Other Voices

Children need support for public schools, not privatization schemes

Third graders Syrinna Hall, 9, and Destiny Martinez, 8, study in Cyndi Lorton’s classroom Feb. 4 at Harrison Lane Elementary in Hurst.
Third graders Syrinna Hall, 9, and Destiny Martinez, 8, study in Cyndi Lorton’s classroom Feb. 4 at Harrison Lane Elementary in Hurst. Special to the Star-Telegram

Some of the most misused terms coming out of the Texas Capitol are education reform,school choice and parental choice.

The lieutenant governor frequently uses these buzz words for privatization schemes that have nothing to do with improving public education.

These “choice” schemes take on a number of forms: vouchers, tax-credit scholarships and, now, education savings accounts.

They share a fatal flaw: They would take tax dollars from underfunded public schools that educate the vast majority of Texas school children and hand them to a handful of families to pursue private educational options with little or no accountability.

Proponents say education savings accounts, or ESAs, would allow parents to “customize” their children’s education by subsidizing private school tuition, charter school expenses or paying for home-school materials.

An ESA is an entitlement, a voucher in a see-through disguise.

We have no problem with private schools, but taxpayers shouldn’t subsidize a tuition payment.

The Constitution requires the Legislature to support an “efficient system of public free schools.”

Although the Texas Supreme Court has declared the school funding system constitutional, serious issues of adequacy and equity remain for Texas’ 5.2 million public school students, most of whom would never see a voucher or an ESA.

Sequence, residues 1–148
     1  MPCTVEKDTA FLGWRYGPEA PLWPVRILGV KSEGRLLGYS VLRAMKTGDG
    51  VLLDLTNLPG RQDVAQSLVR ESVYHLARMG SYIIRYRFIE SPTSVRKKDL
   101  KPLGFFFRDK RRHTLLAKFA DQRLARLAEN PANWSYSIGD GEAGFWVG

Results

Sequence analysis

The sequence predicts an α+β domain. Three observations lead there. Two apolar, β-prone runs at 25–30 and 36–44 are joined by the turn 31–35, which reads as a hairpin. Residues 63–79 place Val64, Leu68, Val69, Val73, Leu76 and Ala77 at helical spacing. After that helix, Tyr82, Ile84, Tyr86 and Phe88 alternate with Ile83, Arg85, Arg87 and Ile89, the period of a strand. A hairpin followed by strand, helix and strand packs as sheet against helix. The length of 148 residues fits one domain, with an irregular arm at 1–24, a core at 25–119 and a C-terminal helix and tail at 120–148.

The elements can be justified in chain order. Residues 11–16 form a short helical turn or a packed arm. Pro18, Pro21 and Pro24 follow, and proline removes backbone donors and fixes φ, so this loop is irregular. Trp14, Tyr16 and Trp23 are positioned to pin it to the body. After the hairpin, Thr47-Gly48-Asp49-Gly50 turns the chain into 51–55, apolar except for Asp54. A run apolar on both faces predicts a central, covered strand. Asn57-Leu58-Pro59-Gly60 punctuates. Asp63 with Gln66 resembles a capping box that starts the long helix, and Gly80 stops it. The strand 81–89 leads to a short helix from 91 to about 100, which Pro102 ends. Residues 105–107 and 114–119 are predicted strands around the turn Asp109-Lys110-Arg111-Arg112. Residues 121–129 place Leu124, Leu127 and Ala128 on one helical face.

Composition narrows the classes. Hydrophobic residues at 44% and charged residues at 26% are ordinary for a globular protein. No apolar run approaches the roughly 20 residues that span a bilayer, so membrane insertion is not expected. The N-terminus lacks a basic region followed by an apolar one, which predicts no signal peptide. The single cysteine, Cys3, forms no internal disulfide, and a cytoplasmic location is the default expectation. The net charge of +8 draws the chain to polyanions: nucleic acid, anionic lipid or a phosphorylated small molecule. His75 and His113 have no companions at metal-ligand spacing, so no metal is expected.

Texas spends about $2,700 less per student than the national average. And as Texas enrollment grows by about 80,000 a year, many school districts are still trying to recover from $5.4 billion in school budget cuts imposed in 2011.

When many Texas children come to school, they face challenges that impact their ability to succeed in the classroom.

About 60 percent are low-income, many don’t speak English and many deal with the effects of poor nutrition and inadequate healthcare. These challenges aren’t going to be addressed by vouchers or ESAs.

Lt. Gov. Dan Patrick, who voted for the 2011 budget cuts, is the biggest cheerleader for vouchers in Texas. He says they would help disadvantaged kids.

But even with vouchers, most low-income families wouldn’t have a choice because they still couldn’t afford tuition at the best private schools, and diverting education funds would further undermine their neighborhood public schools.

Previous voucher proposals have failed, but now President-elect Donald Trump may make federal education funding contingent on whether a state has a voucher program.

Such federal control would undermine the Every Student Succeeds Act, which gives states more control over educational policies.

Voucher advocates contend that when a voucher student leaves a public school, the school won’t need the money for that student and no harm will be done.

But that ignores the significant fixed costs — buses, bus routes, utilities, personnel — a district can’t proportionately reduce when a few students leave.

Texans can’t afford two education systems, one public and one private.

The Texas Constitution created a public education system, and the Legislature must support it, not privatization schemes that pick winners and losers.

Legislators need to invest more resources in public schools to give every student an opportunity to succeed.

Noel Candelaria is president of the Texas State Teachers Association and a former special education teacher in the Ysleta Independent School District in El Paso.

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